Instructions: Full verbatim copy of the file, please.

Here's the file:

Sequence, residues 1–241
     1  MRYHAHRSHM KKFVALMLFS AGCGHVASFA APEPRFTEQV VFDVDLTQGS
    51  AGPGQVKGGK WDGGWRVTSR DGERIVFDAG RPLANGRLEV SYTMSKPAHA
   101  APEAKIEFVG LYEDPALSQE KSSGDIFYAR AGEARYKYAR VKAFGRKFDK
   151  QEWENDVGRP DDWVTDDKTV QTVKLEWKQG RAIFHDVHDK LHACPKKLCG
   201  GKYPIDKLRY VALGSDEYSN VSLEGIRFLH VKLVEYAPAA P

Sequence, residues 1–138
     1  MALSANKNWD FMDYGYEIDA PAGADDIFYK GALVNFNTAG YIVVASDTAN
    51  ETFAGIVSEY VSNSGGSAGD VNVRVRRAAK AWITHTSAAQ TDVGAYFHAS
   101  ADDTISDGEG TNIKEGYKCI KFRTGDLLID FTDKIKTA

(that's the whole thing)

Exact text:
Sequence, residues 1–241
     1  MRYHAHRSHM KKFVALMLFS AGCGHVASFA APEPRFTEQV VFDVDLTQGS
    51  AGPGQVKGGK WDGGWRVTSR DGERIVFDAG RPLANGRLEV SYTMSKPAHA
   101  APEAKIEFVG LYEDPALSQE KSSGDIFYAR AGEARYKYAR VKAFGRKFDK
   151  QEWENDVGRP DDWVTDDKTV QTVKLEWKQG RAIFHDVHDK LHACPKKLCG
   201  GKYPIDKLRY VALGSDEYSN VSLEGIRFLH VKLVEYAPAA P

Sequence, residues 1–138
     1  MALSANKNWD FMDYGYEIDA PAGADDIFYK GALVNFNTAG YIVVASDTAN
    51  ETFAGIVSEY VSNSGGSAGD VNVRVRRAAK AWITHTSAAQ TDVGAYFHAS
   101  ADDTISDGEG TNIKEGYKCI KFRTGDLLID FTDKIKTA